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The Bonavero Institute seeks to enrich the human rights experience of Oxford students, and to assist them to develop careers in the broad field of human rights. Its “Gateways to Human Rights Research and Practice” initiative aims to deepen student engagement with the institute’s research projects and to provide insights into human rights practice. Several programmes form part of this initiative: Non-credit Courses on Human Rights Strategy, Research Training Programmes, various opportunities for Human Rights Mooting, the Collaborative Legal Aid Clinic at HMP Huntercombe and our Summer Fellowship Programme.

Programme Summary

This research training programme provides students with training on research and analysis on use of force legislation and jurisprudence. An introductory seminar will give an introduction to international standards on the use of force; and guidance on research methods and report writing. Under academic guidance by Stuart Maslen, Thomas Probert, Liora Lazarus and Annelen Micus, each student is expected to prepare a case study on one jurisdiction to be submitted by the end of the programme. 

Context of the project

The protection of the right to life and the rights to security of the person and freedom from torture are often at risk when law enforcement officials resort to the use of force. Effective protection of the rights to life and security of the person thus requires appropriate frameworks to be adopted and implemented in every jurisdiction.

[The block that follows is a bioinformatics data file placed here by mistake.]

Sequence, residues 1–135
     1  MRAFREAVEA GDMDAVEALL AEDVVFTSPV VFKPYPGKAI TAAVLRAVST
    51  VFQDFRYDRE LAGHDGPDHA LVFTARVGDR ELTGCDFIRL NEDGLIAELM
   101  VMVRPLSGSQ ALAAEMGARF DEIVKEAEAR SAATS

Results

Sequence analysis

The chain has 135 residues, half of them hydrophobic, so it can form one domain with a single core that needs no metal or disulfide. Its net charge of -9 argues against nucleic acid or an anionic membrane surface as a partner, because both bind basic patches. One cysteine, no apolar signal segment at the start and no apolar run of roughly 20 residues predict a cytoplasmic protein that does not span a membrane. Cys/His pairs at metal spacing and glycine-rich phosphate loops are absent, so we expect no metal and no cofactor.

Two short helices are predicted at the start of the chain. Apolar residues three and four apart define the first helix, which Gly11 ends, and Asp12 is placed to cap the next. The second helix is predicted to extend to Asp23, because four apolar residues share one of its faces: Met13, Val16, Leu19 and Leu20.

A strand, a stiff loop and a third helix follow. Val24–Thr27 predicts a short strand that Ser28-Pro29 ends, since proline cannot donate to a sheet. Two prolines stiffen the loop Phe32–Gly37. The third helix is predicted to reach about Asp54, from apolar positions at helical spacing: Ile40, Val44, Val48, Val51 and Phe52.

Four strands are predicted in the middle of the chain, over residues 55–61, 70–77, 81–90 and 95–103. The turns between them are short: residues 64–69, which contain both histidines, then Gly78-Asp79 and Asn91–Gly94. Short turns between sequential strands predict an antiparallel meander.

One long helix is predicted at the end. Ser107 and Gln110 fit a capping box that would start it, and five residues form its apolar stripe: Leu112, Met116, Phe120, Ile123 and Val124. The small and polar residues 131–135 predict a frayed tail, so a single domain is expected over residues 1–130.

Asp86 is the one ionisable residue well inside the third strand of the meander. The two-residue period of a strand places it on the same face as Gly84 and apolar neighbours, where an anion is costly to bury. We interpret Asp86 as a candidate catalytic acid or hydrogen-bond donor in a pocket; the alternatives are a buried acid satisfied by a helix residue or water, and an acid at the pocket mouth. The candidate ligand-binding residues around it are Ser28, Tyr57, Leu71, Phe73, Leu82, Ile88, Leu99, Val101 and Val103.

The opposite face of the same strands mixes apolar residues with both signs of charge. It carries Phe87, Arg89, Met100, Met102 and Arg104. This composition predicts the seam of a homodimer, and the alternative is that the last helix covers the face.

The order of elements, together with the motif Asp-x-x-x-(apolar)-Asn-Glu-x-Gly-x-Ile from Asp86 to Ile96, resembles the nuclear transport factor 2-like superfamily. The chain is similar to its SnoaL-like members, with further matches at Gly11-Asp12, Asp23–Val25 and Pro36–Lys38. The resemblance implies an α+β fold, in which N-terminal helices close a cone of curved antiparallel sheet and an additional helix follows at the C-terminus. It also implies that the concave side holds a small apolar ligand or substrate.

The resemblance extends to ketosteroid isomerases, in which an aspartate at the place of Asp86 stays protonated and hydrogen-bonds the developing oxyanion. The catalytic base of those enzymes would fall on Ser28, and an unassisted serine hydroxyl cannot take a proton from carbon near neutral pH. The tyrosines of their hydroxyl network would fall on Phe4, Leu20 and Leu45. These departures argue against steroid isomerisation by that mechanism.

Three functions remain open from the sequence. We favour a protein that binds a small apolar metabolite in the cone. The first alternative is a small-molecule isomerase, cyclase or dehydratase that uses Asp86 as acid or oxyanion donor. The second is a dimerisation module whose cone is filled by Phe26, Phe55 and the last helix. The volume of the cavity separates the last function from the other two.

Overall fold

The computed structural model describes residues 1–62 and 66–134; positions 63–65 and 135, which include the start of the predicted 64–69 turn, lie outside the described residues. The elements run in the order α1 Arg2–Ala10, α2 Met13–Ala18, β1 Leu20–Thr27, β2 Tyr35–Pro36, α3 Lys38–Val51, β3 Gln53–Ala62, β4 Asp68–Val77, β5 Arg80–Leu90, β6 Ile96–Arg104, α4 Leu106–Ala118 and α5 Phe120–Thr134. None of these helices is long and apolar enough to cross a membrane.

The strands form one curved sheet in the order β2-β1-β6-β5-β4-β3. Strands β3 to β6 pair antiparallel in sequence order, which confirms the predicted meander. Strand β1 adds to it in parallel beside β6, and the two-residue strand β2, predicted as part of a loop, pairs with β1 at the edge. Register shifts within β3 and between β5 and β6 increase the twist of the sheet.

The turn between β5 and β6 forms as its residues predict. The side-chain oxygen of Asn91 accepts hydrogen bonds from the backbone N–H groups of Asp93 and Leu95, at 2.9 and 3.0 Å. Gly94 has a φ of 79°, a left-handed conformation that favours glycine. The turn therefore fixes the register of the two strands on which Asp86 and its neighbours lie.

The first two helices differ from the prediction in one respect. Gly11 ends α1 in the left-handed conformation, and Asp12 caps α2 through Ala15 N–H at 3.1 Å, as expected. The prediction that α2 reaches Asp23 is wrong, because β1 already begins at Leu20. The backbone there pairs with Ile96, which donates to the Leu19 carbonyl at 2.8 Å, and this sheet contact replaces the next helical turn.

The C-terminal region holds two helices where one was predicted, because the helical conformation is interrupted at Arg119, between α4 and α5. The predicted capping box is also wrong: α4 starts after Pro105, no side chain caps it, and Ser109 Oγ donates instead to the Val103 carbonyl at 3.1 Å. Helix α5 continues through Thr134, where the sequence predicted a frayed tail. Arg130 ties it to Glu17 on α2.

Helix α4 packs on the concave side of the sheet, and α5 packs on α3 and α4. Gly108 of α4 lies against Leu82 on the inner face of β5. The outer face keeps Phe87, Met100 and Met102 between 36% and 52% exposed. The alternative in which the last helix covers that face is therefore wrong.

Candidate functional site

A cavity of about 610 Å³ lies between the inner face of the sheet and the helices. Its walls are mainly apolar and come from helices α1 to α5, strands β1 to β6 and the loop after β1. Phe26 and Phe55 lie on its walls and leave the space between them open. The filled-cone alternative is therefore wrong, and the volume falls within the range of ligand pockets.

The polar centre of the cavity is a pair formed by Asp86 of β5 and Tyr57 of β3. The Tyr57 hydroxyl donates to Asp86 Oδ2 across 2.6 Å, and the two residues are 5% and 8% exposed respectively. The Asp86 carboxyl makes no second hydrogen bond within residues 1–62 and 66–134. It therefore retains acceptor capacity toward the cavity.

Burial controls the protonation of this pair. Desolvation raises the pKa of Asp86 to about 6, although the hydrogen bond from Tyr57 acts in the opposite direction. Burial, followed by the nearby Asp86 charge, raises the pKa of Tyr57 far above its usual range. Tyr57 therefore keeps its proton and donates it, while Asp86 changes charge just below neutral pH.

The Bonavero Institute of Human Rights in collaboration with the Centre for Human Rights, University of Pretoria, seeks to support a database containing the laws, jurisprudence, and other relevant legal materials that relate to the use of force by law enforcement officials in a wide range of countries: www.policinglaw.info. It is hoped that the database will play a significant role in identifying and publishing domestic standards to enable oversight by civil society, as well as by national and international human rights agencies, including treaty bodies. It is also hoped that the project will assist in the identification of model national frameworks as well as frameworks that exhibit shortcomings, whether in drafting or implementation. The case studies prepared by the participants of this research training programme will be helpful in establishing the database.

Profile of participants

Research skills: Graduate and undergraduate law students; graduate students of other disciplines with a law degree or demonstrated experience in legal human rights research.Language skills: We are especially looking for participants who are able to work in two or more of the UN languages, being Arabic, Chinese, English, French, Russian, and Spanish, as well as any other language. Applicants should identify languages in which they are fluent.Availability: Several hours per week (approx. 12 hours in total) for training, research and analysis on relevant use of force legislation and jurisprudence. Participants must attend the following three events in the Gilly Leventis Meeting Room at the Bonavero Institute:

  • 31 January, 5 to 6.30pm: Introductory seminar outlining the project; introduction to international standards on the use of force; and guidance on research methods and report writing by Stuart Maslen and Liora Lazarus.
  • 14 February, 5 to 6.30pm: A session to discuss first drafts with project leaders to assist with research questions as well as report revision and finalisation.
  • 28 February, 5 to 6.30pm : A session to discuss final drafts and feedback

The first draft of the case study must be complete by 12 February, and the final draft submitted by 26 February.


Please send a letter setting out why you would like to participate in this programme, together with a CV to BonaveroIHR@law.ox.ac.uk.

Undergraduate students need to have a written dispensation from their tutors.

Applications closed on Thursday, 24 January 2019, at 12 noon